A home loan often means all the more caution with money management and monthly budgets. It also means some smart thinking on the part of the individual who is taking up the home loan. Apart from things like evaluating fund flow, future job prospects, negotiating a pay hike, understanding loan eligibility, maintaining a good credit score and getting the best interest rate in the market, one also needs to consider the possibility of opting for a joint home loan!
Who can opt for it?
Banks insist that all co-owners of the home must be co-borrowers in a joint home loan.
- One could team up with parents or the spouse to be able to maximize the benefits of a joint home loan.
- Some banks allow brothers to take a joint home loan provided they opt to become co-owners of the property.
The exceptions are sisters, friends or unmarried couples living together as most banks generally don’t allow them to opt for a joint home loan.
Key advantages of a joint home loan
a. Banks do not allow a person to borrow to an extent where their EMI exceeds more than around 40-50% of their monthly income. This ensures that there is no stress on an individual’s monthly budget. Hence, when the incomes of all the joint applicants are combined to decide the loan eligibility, the result is a better loan amount for a better home.
b. All co-applicants are eligible for simultaneous tax rebates under Section 80 C for principal repaid and under Section 24 for interest repaid. However, these tax deductions are capped at 1 L for the principal repaid and 1.5 L for the interest repaid. Do note that this is applied for each individual loan applicant thus maximizing the tax benefits on the home loan.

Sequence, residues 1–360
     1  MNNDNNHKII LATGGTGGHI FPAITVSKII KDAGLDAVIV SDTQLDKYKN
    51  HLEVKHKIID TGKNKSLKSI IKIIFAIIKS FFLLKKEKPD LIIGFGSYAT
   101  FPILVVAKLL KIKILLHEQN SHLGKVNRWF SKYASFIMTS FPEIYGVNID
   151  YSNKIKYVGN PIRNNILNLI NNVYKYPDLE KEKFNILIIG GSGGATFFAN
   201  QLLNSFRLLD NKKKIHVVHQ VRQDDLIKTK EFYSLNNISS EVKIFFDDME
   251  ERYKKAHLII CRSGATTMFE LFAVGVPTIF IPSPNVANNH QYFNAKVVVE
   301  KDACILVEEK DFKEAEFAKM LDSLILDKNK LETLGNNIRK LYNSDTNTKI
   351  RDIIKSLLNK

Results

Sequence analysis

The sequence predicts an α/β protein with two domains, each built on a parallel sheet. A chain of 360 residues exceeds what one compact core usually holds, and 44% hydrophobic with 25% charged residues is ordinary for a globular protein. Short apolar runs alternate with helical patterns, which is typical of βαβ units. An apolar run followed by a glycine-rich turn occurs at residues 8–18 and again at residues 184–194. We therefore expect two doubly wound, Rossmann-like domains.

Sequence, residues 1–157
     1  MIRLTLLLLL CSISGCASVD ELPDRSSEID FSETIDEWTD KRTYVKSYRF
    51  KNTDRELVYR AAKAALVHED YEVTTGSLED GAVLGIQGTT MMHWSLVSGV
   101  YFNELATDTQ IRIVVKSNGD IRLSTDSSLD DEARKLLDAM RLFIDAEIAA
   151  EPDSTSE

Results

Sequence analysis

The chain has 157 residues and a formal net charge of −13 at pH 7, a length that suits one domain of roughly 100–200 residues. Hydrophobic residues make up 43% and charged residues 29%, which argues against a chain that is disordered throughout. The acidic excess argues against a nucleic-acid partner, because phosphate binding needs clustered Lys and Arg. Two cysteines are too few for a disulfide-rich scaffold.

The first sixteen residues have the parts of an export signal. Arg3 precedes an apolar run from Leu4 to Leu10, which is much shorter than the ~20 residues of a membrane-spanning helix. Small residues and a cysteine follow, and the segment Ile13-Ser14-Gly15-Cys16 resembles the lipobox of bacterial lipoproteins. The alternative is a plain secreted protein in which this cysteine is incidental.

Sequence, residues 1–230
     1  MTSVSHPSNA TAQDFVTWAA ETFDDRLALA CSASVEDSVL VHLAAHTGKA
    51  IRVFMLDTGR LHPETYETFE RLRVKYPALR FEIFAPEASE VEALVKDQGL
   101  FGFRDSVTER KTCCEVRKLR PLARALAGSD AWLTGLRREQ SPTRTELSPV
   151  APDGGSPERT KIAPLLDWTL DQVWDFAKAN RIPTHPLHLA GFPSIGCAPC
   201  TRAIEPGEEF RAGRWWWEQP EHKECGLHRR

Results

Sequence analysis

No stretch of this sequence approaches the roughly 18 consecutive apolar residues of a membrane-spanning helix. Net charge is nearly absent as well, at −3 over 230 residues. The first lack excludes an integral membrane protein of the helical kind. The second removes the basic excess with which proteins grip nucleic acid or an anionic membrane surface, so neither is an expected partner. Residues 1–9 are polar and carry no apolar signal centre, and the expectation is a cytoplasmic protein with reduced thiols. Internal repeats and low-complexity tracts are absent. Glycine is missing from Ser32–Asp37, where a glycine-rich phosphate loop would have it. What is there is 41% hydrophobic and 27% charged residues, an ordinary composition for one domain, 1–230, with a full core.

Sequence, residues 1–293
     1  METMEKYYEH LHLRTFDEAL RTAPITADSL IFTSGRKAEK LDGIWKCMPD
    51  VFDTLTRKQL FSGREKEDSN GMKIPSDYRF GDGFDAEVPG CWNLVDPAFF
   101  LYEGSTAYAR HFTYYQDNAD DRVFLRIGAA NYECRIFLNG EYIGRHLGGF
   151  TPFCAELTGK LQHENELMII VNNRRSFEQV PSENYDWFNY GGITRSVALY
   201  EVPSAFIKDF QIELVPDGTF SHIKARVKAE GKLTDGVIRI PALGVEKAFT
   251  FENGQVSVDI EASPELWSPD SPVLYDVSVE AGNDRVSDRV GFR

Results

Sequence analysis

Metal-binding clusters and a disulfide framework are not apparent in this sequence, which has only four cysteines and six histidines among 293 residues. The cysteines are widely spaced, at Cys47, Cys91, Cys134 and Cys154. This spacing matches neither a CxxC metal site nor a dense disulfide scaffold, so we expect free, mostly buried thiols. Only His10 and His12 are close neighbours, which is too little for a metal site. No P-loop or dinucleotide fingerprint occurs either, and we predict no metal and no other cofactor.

If you and your spouse earn similar incomes, then its best to opt for an equal co-ownership of the property and split the tax benefits of the home loan equally as well. In case one of you fall under a smaller tax bracket, it is good to let the partner with the higher pay make a higher contribution towards the home loan resulting in a better tax benefit collectively. This would help you optimize the benefits from the tax exemption on principal and interest repaid.
Eg. Let’s say the principal and interest repayment on your home loan for a given year is Rs 2.4 lakh and Rs 3.5 lakh respectively. Now, under Section 80C, you can get a maximum tax deduction of Rs 1 lakh on principal repaid and under Section 24 you can get a tax break of up to Rs 1.5 lakh on interest repaid. However, if you and your spouse have opted for a joint home loan, you would collectively be able to claim a deduction of Rs 2 lakh and Rs 3 lakh on the principal and interest repaid.
Do note that the tax benefits are according to the proportion of the loan. That is, if the ratio of the loan is 70:30, then a loan of say, Rs 50 lakh will be split as Rs 35 lakh and Rs 15 lakh respectively and this ratio will be applicable while calculating tax benefits on the interest and principal repaid on this loan.
Also keep in mind, that tax slabs might change according to new budget specifications each year and there could be changes in the gross income as well, not to mention changes in the total principal and interest repaid in every new year of the home loan. In this respect, the interest repaid will become considerably lesser and the principal repaid will become higher during the latter years of the loan.
For tax purposes, it is best to procure a home loan sharing agreement, detailing the ownership proportion in a stamp paper, as legal proof for ownership.
So taking a joint home loan has the significant twin benefit of increasing your loan eligibility and maximizing your tax rebate. Do remember that though the banks insist that all co-owners of the property should also be co-applicants in a joint home loan, the reverse need not be true.